Silent Sunday: Car oven warning

A serious one today, because there was some really sad news here last week about a three-year-old Yemeni boy, who died in a hot car after his family forgot about him and left him in the vehicle for almost three hours. The tragic incident, which happened outside the child’s house, has sparked a campaign in the UAE to remind people that heat kills when children or pets are left in cars (even at lower temperatures than on this poster.)

Because babies and young children are not able to regulate their body temperatures well, they warm three to five times faster than an adult, especially in a car, where the windows create a greenhouse effect. Backseat tragedies don’t just happen in the Middle East, either: about 450 children have died this way in the US since 1998.
Because babies and young children are not able to regulate their body temperatures well, they warm three to five times faster than an adult, especially in a car, where the windows create a greenhouse effect. Backseat tragedies don’t just happen in the Middle East, either: very sadly about 450 children have died this way in the US since 1998.

2 thoughts on “Silent Sunday: Car oven warning

  1. I know I’m always comparing things to our lives in Arizona, but this is just one more I have to comment on! Cars and heat were a scary fact of life there – I think I worried as much about the boys accidentally burning themselves on the outside of a hot car as I did about them being trapped inside one! wonder if we were possibly even a little safer because we were so aware of the extreme heat. There have been quite a few of these incidents on the E. Coast and in the Midwest of the US – when it’s not quite so hot outside, it’s easier to forget that your car can quickly become an oven – enough to start a ‘teddy bear’ campaign. It’s suggested that you keep a teddy bear in the empty carseat, and when you put your child in the carseat, you strap the teddy (or other stuffed animal) into the front seat as a visual reminder that you’ve got a kiddo in the back. A sad story, but it’s good there’s a public awareness campaign.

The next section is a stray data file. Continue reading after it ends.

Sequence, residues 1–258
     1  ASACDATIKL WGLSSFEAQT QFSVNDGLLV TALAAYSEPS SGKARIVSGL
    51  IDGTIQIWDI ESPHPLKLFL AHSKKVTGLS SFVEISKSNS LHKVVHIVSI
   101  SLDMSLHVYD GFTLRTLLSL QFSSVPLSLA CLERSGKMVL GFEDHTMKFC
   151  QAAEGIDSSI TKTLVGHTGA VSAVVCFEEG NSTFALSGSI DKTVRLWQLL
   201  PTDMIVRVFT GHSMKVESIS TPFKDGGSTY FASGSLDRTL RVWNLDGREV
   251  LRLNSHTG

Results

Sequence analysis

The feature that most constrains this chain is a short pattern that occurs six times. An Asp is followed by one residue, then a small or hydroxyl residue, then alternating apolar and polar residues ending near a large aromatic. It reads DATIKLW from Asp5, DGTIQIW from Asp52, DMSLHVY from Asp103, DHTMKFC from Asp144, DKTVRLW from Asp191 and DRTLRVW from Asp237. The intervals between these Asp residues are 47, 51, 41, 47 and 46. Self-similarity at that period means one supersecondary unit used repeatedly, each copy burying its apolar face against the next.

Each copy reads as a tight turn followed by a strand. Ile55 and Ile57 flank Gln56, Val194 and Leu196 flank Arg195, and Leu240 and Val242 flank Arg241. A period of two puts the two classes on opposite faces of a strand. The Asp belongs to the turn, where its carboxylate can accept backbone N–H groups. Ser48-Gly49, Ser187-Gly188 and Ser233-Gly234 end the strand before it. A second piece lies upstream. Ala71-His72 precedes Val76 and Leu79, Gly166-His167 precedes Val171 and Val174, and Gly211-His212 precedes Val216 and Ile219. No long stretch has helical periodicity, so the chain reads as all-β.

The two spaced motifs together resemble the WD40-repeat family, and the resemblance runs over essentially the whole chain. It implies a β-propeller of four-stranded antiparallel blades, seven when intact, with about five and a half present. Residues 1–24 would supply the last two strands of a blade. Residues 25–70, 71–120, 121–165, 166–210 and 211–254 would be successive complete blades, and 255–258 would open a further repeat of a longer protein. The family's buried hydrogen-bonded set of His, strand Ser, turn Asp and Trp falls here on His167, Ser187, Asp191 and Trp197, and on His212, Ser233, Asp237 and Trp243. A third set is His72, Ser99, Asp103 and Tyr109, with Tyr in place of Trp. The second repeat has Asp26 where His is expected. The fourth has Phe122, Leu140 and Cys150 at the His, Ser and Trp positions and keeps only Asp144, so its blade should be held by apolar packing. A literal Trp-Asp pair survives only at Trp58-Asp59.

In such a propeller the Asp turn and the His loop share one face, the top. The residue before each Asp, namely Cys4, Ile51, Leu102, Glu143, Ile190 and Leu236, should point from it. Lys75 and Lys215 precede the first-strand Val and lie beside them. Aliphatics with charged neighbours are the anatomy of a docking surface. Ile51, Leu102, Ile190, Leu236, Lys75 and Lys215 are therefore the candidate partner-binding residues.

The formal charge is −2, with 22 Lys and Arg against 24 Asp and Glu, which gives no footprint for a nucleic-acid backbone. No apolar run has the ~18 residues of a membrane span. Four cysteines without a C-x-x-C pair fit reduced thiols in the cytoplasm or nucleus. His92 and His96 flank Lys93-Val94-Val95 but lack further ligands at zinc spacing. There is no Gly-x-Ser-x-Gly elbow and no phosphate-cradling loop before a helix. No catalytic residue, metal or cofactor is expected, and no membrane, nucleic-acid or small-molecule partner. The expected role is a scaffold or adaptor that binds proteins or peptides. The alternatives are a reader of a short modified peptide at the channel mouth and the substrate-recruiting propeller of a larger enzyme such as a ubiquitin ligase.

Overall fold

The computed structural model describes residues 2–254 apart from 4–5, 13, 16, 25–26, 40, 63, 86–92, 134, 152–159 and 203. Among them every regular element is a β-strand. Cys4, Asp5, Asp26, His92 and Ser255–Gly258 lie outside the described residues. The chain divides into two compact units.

• That’s a great idea about the teddy bear – I do remember that if you just had one child in the back, and he fell asleep, it was really easy to forget that someone was there. So sad that this can have such tragic consequences.

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